MONTHS of lockdown has hit those who suffer with hoarding disorders.

Business owner Liza Curtis, 49, helps people with the condition in Brighton and Hove and Sussex.

She said some of the worst examples of hoarders have included one person who had months worth of rotting food in her hallway from online grocery deliveries.

Others have turned to hoarding as a way of coping with loss and bereavement, she said.

There are fears that the condition, which was recognised by the World Health Organisation in 2018, has been made worse by the coronavirus lockdown.

Liza, a mum-of-three from Hangleton, set up her business Mother Clutter as a response to her own father who battled the condition.

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Hoarding can be a real prolbem during lockdown

For 28 years she was not allowed into his house, and she said there is a strong stigma and sense of shame for many.

She said the condition can impact on people from all walks of life and social backgrounds, but she works with tenants facing eviction from housing associations or the council to solve their problems.

Liza said: “During lockdown it has become desperate, people have started hoarding again and I have not been able to visit my clients.

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“One woman was so upset during the lockdown she had food deliveries and had three months’ worth of rotting food in bags in her hallway.

“She hasn’t been in her kitchen for three years because of the clutter. We’ve been working with her for months. I still haven’t seen her kitchen.

“Another client has filled his entire house and outbuildings and has started to live on the driveway in a van. But now the van is filling with stuff. He sees things left on the street and takes them in.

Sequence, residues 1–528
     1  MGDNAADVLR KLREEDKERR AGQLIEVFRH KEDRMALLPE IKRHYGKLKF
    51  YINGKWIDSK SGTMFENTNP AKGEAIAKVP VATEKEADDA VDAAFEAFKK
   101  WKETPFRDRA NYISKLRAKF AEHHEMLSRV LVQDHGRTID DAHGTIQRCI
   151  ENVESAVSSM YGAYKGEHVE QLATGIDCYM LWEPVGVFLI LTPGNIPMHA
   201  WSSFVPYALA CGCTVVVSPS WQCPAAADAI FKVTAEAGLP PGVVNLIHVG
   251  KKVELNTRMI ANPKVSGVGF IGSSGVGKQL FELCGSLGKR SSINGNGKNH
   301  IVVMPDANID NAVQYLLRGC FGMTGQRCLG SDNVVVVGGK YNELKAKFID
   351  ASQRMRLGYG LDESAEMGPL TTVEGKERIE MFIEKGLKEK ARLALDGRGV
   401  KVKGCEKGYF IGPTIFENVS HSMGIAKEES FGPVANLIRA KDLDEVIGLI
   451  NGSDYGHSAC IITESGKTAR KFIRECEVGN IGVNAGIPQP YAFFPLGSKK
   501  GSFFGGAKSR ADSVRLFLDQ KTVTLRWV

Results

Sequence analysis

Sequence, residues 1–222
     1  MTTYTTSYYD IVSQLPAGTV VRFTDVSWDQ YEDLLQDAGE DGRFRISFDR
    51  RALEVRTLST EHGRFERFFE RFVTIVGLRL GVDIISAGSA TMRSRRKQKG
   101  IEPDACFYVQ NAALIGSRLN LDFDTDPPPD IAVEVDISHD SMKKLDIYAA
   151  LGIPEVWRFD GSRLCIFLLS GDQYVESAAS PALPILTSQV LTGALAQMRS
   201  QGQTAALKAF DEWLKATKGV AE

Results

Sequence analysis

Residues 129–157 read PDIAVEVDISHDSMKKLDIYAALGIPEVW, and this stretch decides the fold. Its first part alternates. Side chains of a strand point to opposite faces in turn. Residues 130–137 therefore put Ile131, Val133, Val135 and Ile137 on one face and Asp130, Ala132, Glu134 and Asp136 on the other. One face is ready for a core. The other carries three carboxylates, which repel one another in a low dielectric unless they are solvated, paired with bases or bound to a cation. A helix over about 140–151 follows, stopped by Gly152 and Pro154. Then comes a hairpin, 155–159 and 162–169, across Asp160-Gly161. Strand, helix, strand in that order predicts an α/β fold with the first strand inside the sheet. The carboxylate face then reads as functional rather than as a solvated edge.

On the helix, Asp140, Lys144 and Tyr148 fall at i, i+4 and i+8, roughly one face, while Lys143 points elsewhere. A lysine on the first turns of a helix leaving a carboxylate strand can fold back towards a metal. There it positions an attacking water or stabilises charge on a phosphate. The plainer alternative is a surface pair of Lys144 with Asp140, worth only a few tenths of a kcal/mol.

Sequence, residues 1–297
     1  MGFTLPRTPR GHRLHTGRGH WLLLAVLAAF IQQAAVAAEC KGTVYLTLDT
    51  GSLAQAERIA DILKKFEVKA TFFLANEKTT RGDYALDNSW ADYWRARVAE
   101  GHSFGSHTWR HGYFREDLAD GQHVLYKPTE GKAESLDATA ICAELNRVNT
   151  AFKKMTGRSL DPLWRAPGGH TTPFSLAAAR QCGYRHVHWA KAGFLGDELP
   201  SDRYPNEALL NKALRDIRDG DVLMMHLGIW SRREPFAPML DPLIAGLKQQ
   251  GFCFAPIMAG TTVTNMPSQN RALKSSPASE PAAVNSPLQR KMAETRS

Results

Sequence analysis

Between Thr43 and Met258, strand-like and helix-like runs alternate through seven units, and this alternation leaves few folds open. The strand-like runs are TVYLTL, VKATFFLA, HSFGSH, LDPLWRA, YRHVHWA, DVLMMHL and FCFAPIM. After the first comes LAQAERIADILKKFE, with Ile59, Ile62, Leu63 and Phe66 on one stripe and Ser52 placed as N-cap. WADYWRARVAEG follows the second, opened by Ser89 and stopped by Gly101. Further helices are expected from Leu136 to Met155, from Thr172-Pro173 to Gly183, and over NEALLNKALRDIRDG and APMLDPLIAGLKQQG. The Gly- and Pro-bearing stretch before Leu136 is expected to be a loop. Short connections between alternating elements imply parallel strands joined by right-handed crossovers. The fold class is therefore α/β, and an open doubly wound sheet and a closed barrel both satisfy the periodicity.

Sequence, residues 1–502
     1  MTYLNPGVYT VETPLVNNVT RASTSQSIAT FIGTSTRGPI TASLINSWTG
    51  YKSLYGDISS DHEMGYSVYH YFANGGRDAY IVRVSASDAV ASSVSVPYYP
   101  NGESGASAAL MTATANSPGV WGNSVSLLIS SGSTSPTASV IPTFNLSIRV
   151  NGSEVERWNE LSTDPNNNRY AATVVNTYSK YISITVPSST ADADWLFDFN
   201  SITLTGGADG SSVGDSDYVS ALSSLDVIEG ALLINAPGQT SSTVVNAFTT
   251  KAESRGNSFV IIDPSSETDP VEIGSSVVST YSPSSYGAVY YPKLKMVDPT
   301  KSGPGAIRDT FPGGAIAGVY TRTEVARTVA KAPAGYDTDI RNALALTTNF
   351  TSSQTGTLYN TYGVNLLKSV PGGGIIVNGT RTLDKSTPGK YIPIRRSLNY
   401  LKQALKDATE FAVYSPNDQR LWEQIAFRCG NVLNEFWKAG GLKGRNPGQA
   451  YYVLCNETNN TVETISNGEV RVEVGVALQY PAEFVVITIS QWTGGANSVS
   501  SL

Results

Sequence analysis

Some clients have pets like dogs, and won’t notice the dog poo in their homes. They just don’t see it.”

With television programmes often highlighting the worst cases, Liza says it can often put people off seeking help as they feel they could be judged.

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She said: “For many it is a compulsion. They cannot resist it.

“The people don’t have social lives, and every one of them has a story as to why. For some it is bereavement, for others mental health problems.

“They lose contact with relatives and friends, and they just get surrounded by it.

“You have to talk them around, it’s no use going in with the rubber gloves and shouting at them.”

Her thoughts have been echoed by psychologist Dr Sophie Holmes from the Sussex Partnership NHS Trust who spoke to the Daily Mail.

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Dr Holmes said: “To be diagnosed, it has to be impacting on your day-to-day life quite significantly.

“We’re not talking about people who have a lot of books, it’s people who use their bed to store their books on and so can no longer sleep in it.

“They are not able to ignore it, and if your usual coping strategy is to avoid something, it’s highly likely other difficulties emerge, either the hoarding itself may worsen or it could lead to increased low mood.

“Nagging will only make people who are already feeling unsupported feel more stressed.”

But Liza said that since setting up her business in 2013, she has helped many people.

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Liza with her daughter is helping people with hoarding disorder

She said: “The big thing is shame. People feel ashamed that they have let themselves reach that state.

“Most will not let other people even in the house. My first difficulty is getting a client to open their door, if they can.

“But they can turn it around. Getting rid of the clutter can change their lives.

“I remember seeing one woman who was having a complete breakdown. We started work, and when her kitchen was cleared she cried tears of joy.

“I have found that once we start to sort their problems, they do not go back into hoarding. They keep things to a good level.”

Hoarding Disorders UK director Jo Cooke said lockdown has ‘definitely set people back’.

She said: “We’re running online and telephone support and we are getting new people coming to us, over and above what we normally see.

“Right now, people are not able to grieve normally, whether that’s not being able to say goodbye to people in hospital or having to wait to hold a funeral, which makes letting go of things much more difficult.”

For more information or to seek help visit To find out more about Liza’s services search for Mother Clutter UK on Facebook.